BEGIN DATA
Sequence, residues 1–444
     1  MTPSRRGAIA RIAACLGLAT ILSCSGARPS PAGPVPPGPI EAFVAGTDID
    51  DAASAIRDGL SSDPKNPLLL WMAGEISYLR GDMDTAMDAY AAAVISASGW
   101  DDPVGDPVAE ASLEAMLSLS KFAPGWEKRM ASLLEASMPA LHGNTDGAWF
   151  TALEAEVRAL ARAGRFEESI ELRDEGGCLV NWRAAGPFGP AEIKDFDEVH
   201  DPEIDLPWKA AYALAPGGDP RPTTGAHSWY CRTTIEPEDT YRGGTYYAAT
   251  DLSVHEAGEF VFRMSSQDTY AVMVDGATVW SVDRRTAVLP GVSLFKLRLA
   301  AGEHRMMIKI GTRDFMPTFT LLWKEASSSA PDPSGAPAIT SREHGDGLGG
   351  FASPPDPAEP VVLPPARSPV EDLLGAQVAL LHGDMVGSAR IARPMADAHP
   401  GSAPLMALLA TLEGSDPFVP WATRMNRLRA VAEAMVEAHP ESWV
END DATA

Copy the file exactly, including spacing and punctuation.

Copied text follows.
Sequence, residues 1–444
     1  MTPSRRGAIA RIAACLGLAT ILSCSGARPS PAGPVPPGPI EAFVAGTDID
    51  DAASAIRDGL SSDPKNPLLL WMAGEISYLR GDMDTAMDAY AAAVISASGW
   101  DDPVGDPVAE ASLEAMLSLS KFAPGWEKRM ASLLEASMPA LHGNTDGAWF
   151  TALEAEVRAL ARAGRFEESI ELRDEGGCLV NWRAAGPFGP AEIKDFDEVH
   201  DPEIDLPWKA AYALAPGGDP RPTTGAHSWY CRTTIEPEDT YRGGTYYAAT
   251  DLSVHEAGEF VFRMSSQDTY AVMVDGATVW SVDRRTAVLP GVSLFKLRLA
   301  AGEHRMMIKI GTRDFMPTFT LLWKEASSSA PDPSGAPAIT SREHGDGLGG
   351  FASPPDPAEP VVLPPARSPV EDLLGAQVAL LHGDMVGSAR IARPMADAHP
   401  GSAPLMALLA TLEGSDPFVP WATRMNRLRA VAEAMVEAHP ESWV